Olde English Ale is apparently a staff favourite. It's another dark and strong one, 7.5% ABV this time, given 11 months of maturation before serving. It's also quite dry, with a bit of Foreign Extra Stout's bitter bite balanced by toffee in the tail end. While clean and straightforward, I thought it lacked something with regard to complexity: it feels like it should have more interesting mature beer flavours, some coffee or cocoa; even a cheeky savoury edge of autolytic umami, but everything it does arrives in one go and leaves the palate just as promptly.

A total change of tack for the evening's finisher, and a perfect contrast to the heavy stuff. Goodbye Gose is that rare bird: a gose that hasn't been hacked around with in the mistaken belief that the style needs syrupy enhancements. This is absolutely straight up, 5% ABV, offering a refreshing briney salt foretaste countered by tart lemon and all set on a gently effervescent body. You may not think you need cleansing refreshment on a snowy night in January, but this delivers it anyway, and I felt the better for it. It could probably stand to be a little sourer for my taste, but worked absolutely perfectly as-is.

Once again Open Gate excels at a German beer style. Sure you'd wonder why they bother with the dark stuff at all.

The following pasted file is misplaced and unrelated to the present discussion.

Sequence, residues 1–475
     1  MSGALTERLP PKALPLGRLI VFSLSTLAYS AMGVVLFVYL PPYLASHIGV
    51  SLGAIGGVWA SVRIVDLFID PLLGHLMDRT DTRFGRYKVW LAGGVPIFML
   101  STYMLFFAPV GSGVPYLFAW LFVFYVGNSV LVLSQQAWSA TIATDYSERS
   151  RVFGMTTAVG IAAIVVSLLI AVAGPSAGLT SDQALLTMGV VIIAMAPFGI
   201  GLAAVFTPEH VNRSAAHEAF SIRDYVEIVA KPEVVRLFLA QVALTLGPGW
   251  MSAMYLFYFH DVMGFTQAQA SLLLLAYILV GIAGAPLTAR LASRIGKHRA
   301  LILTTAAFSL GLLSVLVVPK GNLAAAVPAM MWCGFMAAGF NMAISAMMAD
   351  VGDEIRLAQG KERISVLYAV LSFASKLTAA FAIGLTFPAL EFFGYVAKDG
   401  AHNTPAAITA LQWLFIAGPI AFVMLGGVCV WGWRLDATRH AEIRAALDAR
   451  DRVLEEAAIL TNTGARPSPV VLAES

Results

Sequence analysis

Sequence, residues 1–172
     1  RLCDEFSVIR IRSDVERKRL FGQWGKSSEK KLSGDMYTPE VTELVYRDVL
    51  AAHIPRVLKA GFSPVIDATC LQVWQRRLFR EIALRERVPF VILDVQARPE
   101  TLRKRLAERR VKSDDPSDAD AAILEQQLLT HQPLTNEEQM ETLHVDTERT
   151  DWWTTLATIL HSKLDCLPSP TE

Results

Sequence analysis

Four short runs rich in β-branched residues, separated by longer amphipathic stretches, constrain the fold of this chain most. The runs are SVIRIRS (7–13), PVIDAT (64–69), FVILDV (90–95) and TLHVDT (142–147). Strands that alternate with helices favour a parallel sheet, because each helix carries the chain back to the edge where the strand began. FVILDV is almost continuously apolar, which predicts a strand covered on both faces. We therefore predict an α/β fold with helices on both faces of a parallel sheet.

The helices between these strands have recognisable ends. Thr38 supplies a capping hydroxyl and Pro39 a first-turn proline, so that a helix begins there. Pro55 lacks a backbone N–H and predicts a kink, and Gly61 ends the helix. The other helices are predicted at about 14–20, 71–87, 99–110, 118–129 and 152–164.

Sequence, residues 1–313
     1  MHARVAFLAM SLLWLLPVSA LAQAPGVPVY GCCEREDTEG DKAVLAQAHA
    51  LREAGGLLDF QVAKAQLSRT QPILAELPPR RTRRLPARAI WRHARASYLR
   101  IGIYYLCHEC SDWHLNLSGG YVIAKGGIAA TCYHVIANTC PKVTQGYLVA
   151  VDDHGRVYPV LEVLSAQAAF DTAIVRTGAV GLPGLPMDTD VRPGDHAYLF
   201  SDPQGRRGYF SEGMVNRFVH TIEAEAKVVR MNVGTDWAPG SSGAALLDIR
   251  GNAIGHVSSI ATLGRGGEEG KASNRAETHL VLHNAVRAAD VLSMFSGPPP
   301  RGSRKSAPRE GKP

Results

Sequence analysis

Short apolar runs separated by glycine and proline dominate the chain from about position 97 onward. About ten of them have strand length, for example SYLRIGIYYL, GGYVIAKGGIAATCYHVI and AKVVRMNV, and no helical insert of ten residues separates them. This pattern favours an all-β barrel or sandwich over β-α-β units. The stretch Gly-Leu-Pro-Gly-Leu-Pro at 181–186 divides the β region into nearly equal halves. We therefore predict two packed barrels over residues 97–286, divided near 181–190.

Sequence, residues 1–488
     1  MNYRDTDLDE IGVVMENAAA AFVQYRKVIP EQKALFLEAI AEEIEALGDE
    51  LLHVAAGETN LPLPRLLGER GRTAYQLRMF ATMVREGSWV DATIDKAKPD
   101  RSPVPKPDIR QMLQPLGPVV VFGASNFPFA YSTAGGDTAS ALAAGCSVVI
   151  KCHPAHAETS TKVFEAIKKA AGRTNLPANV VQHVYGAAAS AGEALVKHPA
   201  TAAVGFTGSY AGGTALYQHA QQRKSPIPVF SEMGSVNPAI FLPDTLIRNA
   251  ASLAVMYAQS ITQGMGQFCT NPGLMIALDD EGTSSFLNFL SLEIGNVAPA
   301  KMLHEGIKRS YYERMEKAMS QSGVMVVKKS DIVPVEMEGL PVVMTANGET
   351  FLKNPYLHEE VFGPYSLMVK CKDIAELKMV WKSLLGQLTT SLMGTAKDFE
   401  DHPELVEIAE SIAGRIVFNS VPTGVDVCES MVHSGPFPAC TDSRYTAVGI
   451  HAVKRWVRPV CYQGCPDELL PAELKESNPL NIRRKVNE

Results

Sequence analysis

A little over a week later I was back in for something else and two new additions had gone on the bar. Winter Sunshine is another pale ale, 5% ABV, and suffering from the thick syrupyness that seems to beset most Open Gate attempts at doing properly hop-forward beers. It's not unpleasant, having a kind of bittersweet marmalade orange taste, as well as a fun peppery spice. It completely fails to be refreshing, however, coming through heavy and a little cloying. The refreshment quotient is disappointingly low.

The other new one was a complete contrast: Dunkel Hefeweizen, obviously a wheat beer but arriving looking like a stout: black with a beige head. The term "hybrid" gets thrown around to an inappropriate extent in modern beer, but this really did taste and smell like an amalgam of two very distinct styles. There's the rich and sweet brown-banana of a particularly warm-fermented weizen, sitting next to the dry burnt-toast flavour of a particularly roasty stout. A curious mix, and one that shouldn't work, but I quite liked its oddness. The blandness that often besets dunkelweisse is mercifully absent. On the down side it is a bit thin, with a low energy ABV of 4.6%. The fun flavour blend does go a long way to make up for that, however.

That's it from Open Gate for now. I've an appointment there in early March and will be hoping to meet the spring collection then.


  1. There's been a minor fad for black Schwarzweizen across the /other/ water in recent years, some better integrated than others - e.g. the Kapuziner Weissbier Schwarz works excellently in my view, whereas the Schneider Porter-Weisse (the 2014 Tap X) was good, but as you describe, came over as a little too much of an amalgam.

  2. There's a lesson here about styles, I think. Call it a dunkelweisse and it's confusing, but "weissbier schwartz", despite the oxymoron, makes far more sense.